After marrying an American lieutenant with whom he was assigned to work in post-war Germany, a French captain attempts to find a way to accompany her back to the States under the terms of the War Bride Act.
As Julie prepares to leave her husband Roger, she begins to play through a stack of recordings, each of which reminds her of events in their lives together. One of them is the song that was playing when she and Roger first met in a music store. Other songs remind her of their courtship, their marriage, their desire for a child, and the joys and sorrows that they have shared. A flood of memories comes back to her as she ponders their present problems and how they arose.Written by
It appears Julie and Roger were in Japan c. 1930. The song "You Were Meant for Me" came out in 1929 and the yen-dollar exchange rate was about 2:1 in 1930-1931. The 2,000 yen Roger tells Julie the household costs in Japan would equal the $1,000 he says. That would equate to $14,500 in 2017. See more »
The record shown playing is a bat wing Victor that was produced prior to 1925, making it historically incorrect. See more »
[Judge firmly addressing two unseen attorneys]
I'll give you an opportunity to better prepare your facts.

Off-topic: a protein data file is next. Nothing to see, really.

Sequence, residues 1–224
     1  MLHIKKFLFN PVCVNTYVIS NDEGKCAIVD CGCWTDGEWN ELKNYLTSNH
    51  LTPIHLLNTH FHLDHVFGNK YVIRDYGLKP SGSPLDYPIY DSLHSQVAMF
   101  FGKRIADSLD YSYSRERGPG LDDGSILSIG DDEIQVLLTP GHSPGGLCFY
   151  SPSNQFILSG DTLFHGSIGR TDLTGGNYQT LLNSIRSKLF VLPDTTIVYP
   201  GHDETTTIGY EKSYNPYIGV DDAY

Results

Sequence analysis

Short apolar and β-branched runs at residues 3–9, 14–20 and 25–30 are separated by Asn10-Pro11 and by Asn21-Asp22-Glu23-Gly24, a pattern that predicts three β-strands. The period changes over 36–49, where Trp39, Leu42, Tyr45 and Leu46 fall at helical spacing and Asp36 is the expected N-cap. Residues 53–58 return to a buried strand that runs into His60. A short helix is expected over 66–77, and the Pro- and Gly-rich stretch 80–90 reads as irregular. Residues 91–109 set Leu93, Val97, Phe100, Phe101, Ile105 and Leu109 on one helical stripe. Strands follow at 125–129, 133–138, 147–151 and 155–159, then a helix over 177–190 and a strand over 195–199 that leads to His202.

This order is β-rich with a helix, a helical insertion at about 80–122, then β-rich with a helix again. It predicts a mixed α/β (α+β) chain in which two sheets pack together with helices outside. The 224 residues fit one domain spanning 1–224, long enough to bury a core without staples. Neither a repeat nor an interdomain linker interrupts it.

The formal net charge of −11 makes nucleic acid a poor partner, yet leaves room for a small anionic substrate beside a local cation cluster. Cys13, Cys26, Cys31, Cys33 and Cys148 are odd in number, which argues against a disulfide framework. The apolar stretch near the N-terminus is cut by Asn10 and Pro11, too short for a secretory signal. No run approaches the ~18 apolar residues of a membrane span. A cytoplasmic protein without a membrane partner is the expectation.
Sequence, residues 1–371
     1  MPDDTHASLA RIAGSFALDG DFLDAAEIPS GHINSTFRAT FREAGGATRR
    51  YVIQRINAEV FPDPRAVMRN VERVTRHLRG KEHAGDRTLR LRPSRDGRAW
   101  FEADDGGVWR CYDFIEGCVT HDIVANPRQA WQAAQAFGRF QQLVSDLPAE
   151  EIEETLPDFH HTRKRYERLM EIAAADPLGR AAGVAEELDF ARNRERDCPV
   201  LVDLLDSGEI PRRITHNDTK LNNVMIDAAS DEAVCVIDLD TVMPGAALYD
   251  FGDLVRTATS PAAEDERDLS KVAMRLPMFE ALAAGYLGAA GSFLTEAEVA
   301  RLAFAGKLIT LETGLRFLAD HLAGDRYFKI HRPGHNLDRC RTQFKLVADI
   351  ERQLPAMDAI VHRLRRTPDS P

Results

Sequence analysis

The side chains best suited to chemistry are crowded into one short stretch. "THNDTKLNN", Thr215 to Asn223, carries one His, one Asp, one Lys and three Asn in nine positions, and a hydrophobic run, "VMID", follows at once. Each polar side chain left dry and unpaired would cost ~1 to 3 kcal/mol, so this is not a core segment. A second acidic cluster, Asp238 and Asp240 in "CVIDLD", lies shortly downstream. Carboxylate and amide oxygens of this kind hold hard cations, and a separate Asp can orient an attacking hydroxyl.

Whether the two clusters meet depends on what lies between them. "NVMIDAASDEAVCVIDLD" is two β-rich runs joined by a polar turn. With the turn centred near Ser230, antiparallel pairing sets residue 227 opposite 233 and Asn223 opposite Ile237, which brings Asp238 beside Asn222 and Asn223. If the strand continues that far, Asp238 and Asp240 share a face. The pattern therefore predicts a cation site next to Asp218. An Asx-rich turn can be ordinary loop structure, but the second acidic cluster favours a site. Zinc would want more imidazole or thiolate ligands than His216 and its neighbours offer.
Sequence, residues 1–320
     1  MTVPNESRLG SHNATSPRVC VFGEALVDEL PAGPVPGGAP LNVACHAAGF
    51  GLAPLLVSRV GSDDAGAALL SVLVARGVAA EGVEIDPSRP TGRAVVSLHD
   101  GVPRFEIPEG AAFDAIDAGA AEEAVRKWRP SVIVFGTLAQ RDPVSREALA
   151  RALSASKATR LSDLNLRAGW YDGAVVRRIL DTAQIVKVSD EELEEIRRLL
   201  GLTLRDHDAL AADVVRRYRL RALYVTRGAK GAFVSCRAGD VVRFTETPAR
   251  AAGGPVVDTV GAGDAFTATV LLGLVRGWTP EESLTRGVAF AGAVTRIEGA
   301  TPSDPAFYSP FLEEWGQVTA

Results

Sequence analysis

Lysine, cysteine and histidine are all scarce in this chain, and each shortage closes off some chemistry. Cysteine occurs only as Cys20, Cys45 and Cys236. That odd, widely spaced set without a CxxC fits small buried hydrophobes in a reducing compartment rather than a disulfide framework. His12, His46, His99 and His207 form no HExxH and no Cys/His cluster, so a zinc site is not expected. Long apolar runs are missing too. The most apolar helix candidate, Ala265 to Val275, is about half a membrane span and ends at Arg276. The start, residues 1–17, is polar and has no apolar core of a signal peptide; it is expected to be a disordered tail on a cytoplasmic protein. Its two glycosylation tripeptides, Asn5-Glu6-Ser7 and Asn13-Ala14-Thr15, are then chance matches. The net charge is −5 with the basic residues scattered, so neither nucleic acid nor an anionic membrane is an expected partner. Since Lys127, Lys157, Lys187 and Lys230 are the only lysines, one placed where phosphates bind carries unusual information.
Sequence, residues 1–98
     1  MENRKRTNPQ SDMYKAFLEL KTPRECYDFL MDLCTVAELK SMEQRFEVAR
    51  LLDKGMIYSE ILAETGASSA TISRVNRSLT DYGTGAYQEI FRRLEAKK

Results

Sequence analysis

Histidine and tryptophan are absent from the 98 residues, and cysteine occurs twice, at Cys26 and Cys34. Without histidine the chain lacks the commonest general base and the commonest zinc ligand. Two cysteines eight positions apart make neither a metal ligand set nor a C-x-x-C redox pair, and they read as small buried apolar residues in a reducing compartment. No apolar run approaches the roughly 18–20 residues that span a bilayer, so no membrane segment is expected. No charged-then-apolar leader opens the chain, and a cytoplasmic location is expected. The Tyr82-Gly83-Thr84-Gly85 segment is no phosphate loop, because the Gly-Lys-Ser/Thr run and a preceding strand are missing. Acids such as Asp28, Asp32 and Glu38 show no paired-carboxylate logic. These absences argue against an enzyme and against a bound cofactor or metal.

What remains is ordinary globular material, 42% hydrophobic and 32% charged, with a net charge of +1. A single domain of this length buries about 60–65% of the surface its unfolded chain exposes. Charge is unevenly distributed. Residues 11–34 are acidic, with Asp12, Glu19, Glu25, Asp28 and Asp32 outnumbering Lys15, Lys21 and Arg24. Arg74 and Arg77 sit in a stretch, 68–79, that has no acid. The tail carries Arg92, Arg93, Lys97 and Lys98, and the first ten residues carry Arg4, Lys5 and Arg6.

[Hands Judge some papers]
Adoption proceedings, the Adams case.
The Adams case.
Oh yes, yes. Uh...
[turns back to attorneys]
if either one or both of you gentlemen conduct yourselves like you've been doing today I'll hold you in contempt, the both of ya!
[Walks into chambers, sees Roger, Miss Oliver, and the baby all seated. Sits at desk]
Uh, oh this is the child in ...
[...] See more »
Also shown in computer-colored version. See more »
Cary Grant and Irene Dunne are very good in this bittersweet romance, mainly made up of flashbacks with the links between them being records from the past played by Dunne. We see the couple through their first meeting, marriage, move abroad, and so on. The central thread of the story is when they adopt a baby girl, Trina, who fills the void in their marriage. When Trina dies as a child it seems there is nothing more to hold them together.
Edgar Buchanan is excellent as uncle Applejack, the printer who knows how to handle babies, and the little girl playing Trina is cutesy cute in the nativity play scene. Grant's best moment is in the judge's office when he pleads to be allowed to keep his adopted daughter (because she isn't like an automobile you take back when you can't keep up the payments). The ending however is weak; another baby is found for them to adopt and all their troubles are over. This feels rushed and doesn't really work. Otherwise, a well put together film which is typical of the time it was made.
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